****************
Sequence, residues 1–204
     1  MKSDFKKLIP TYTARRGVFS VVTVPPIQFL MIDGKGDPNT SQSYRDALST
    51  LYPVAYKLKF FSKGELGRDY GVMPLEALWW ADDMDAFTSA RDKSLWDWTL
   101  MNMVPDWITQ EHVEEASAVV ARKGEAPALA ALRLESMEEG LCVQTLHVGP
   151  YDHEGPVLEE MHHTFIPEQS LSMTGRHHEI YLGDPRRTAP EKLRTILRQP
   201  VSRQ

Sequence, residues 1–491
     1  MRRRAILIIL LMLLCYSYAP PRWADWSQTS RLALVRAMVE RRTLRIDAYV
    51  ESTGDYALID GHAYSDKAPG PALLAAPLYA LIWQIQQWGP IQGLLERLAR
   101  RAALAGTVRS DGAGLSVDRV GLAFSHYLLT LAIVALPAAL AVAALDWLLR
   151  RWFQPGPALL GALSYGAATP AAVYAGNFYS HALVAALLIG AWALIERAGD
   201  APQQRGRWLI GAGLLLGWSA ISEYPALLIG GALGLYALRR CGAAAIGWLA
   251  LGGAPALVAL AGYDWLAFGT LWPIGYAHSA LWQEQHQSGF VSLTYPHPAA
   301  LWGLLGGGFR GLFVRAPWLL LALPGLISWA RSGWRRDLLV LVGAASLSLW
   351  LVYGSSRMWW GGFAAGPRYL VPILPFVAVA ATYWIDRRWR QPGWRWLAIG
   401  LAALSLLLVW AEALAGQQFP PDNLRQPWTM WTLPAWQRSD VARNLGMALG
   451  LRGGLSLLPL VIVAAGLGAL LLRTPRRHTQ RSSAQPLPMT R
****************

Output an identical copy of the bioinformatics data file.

Sequence, residues 1–204
     1  MKSDFKKLIP TYTARRGVFS VVTVPPIQFL MIDGKGDPNT SQSYRDALST
    51  LYPVAYKLKF FSKGELGRDY GVMPLEALWW ADDMDAFTSA RDKSLWDWTL
   101  MNMVPDWITQ EHVEEASAVV ARKGEAPALA ALRLESMEEG LCVQTLHVGP
   151  YDHEGPVLEE MHHTFIPEQS LSMTGRHHEI YLGDPRRTAP EKLRTILRQP
   201  VSRQ

Sequence, residues 1–491
     1  MRRRAILIIL LMLLCYSYAP PRWADWSQTS RLALVRAMVE RRTLRIDAYV
    51  ESTGDYALID GHAYSDKAPG PALLAAPLYA LIWQIQQWGP IQGLLERLAR
   101  RAALAGTVRS DGAGLSVDRV GLAFSHYLLT LAIVALPAAL AVAALDWLLR
   151  RWFQPGPALL GALSYGAATP AAVYAGNFYS HALVAALLIG AWALIERAGD
   201  APQQRGRWLI GAGLLLGWSA ISEYPALLIG GALGLYALRR CGAAAIGWLA
   251  LGGAPALVAL AGYDWLAFGT LWPIGYAHSA LWQEQHQSGF VSLTYPHPAA
   301  LWGLLGGGFR GLFVRAPWLL LALPGLISWA RSGWRRDLLV LVGAASLSLW
   351  LVYGSSRMWW GGFAAGPRYL VPILPFVAVA ATYWIDRRWR QPGWRWLAIG
   401  LAALSLLLVW AEALAGQQFP PDNLRQPWTM WTLPAWQRSD VARNLGMALG
   451  LRGGLSLLPL VIVAAGLGAL LLRTPRRHTQ RSSAQPLPMT R